Science is the collaborative attempt to understand ourselves and the world around us better by gathering and evaluating evidence. Ironically enough, we are pretty bad at evaluating evidence. Luckily, others rejoice in pointing out our flaws. It is this reciprocal corrective process which is at the core of science, and the reason why it works so well. Working collaboratively helps us catch and correct each other’s mistakes.
So, are psychology researchers collaborating? Sure, they will say. They organise scientific conferences together, come up with interesting hypotheses over dinner and drinks, meticulously plan and execute experimental studies, and jointly write and publish papers. In this sense, asking whether researchers collaborate is silly; of course they do. But these types of collaborations are usually engaged in by only a handful of researchers with limited resources.
In this JEPS Bulletin post, we discuss how Crowdsourced Science could accelerate and scale collaborations. Crowdsourced science pools the resources of individual researchers together in order to achieve goals more efficiently (McCarthy, 2017). We interview Randy McCarthy and Christopher Chartier, two psychology researchers who recently started StudySwap, an online platform to facilitate crowdsourced research, and the Psychological Science Accelerator, a large, distributed network of psychology labs, putting collaboration on a much larger scale.
How do those projects work? How did Randy and Chris came first in contact with crowdsourced science, and what are its benefits? What are difficulties in conducting crowdsourced research, and how can you get started yourself? Enjoy the read!
Randy, you recently wrote an excellent blog post on the benefits of crowdsourced science. For our readers here, can you briefly recap them? How did you two first come in contact with the idea of crowdsourced science?
Randy: Sure. Probably the first thing people notice about multi-site projects such as the Many Labs projects or Registered Replication Reports is the overall sample sizes are large when compared to our typical psychology studies. That’s what caught my eye initially. To the extent these studies successfully created the necessary conditions to test their hypotheses, these large samples are extremely informative.
Whereas the large samples and high statistical power are obvious benefits, there are several less obvious benefits to crowdsourced research. Here are two additional benefits that may be less obvious at first blush.
First, when you have several researchers contributing to these projects, each sample, recruitment procedure, physical environment of the lab, etc. slightly differs from one another. Thus, multi-site projects test the effects across a range of slight permutations of these variables, which is arguably a more robust test of the effect than the traditional “single sample-single site” approach. Second, the resulting manuscripts are a very efficient way to communicate a lot of information. Editors, peer-reviewers, and readers all appreciate fewer-but-more-informative manuscripts.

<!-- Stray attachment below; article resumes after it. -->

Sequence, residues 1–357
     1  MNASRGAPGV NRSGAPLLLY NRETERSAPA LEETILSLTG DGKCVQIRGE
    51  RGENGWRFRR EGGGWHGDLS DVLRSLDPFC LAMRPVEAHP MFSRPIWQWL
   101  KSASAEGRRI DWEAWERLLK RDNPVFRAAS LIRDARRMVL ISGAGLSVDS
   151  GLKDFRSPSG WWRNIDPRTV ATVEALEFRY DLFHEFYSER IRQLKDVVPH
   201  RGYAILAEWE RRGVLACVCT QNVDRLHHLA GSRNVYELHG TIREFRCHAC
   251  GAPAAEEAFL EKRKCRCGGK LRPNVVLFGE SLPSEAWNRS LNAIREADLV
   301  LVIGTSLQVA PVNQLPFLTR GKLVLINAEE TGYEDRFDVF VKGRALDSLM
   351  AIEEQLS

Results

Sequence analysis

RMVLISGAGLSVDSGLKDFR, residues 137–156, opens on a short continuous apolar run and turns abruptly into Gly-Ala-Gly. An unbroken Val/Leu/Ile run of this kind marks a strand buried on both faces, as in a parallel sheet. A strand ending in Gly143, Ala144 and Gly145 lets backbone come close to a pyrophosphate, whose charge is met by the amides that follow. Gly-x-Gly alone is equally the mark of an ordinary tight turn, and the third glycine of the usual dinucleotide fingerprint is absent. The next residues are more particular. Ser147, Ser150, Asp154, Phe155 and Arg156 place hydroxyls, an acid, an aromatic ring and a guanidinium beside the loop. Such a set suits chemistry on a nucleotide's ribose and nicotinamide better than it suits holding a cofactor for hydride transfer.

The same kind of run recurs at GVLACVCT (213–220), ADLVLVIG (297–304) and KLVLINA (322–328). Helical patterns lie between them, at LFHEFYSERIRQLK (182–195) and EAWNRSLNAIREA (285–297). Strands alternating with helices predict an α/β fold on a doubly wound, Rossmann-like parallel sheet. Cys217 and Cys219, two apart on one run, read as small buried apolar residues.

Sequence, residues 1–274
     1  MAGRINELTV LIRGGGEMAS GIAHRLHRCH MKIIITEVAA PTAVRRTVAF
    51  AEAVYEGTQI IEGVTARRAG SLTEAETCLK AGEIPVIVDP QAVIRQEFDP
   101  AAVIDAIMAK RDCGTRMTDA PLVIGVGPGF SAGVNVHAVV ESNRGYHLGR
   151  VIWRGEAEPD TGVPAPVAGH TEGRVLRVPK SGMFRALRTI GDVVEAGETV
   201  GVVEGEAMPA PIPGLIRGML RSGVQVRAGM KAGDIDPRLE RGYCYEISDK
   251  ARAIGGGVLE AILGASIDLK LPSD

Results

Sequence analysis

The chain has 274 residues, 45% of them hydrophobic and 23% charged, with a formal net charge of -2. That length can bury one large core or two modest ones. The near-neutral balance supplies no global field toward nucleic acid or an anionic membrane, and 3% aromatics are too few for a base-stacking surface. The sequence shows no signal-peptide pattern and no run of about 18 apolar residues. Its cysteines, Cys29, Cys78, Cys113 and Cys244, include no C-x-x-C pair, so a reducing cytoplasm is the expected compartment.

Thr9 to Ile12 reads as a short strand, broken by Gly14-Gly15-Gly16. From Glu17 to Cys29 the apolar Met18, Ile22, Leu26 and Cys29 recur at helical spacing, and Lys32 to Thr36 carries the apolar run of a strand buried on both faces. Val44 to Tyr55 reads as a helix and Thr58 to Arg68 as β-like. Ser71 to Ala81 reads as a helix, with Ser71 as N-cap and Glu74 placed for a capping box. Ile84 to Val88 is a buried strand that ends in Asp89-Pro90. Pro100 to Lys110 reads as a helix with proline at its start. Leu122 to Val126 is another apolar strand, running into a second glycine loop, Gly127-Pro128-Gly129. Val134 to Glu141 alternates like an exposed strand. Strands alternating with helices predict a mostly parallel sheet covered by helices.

I first started hearing about these projects at the SPSP conference about five or six years ago when the results from Many Labs 1 were presented. The concept of multiple researchers coordinating their efforts into a joint project just made so much sense. And the more I thought about it, the more sense it made. I’ve contributed a little bit of my research time to these projects ever since. I’ve met a lot of great people from a very diverse set of universities and colleges. It’s been a lot of fun.
Chris: I was asked by an old friend from my time at Miami University (Charlie Ebersole), if I’d like to get involved in ManyLabs 3, and subsequently, the Reproducibility Project: Psychology. I was amazed at the size of the contributions we were able to make to the field by combining forces into these large, coordinated projects. What immediately struck me was the potential for massive projects to get done with relatively little investment from individual labs. While there is a heavy coordination and planning burden on the leading team, the data collection burden can be quite low at each individual site, and yet when combined, the overall data sets are hugely informative.
You created StudySwap, an online platform to facilitate crowdsourced research. How does it work, and how can researchers join in? What have you planned for the future of StudySwap?
Randy: StudySwap is an online platform to support collaborative research. Researchers can find collaborators by posting descriptions of resources that are available for others to use (“Haves”), posting descriptions of resources they need that another researcher may have (“Needs”), or to coordinate collaborative research projects across several research teams. People who are interested should check us out on social media. In addition to contributing to research projects, spreading the word is a great way to help.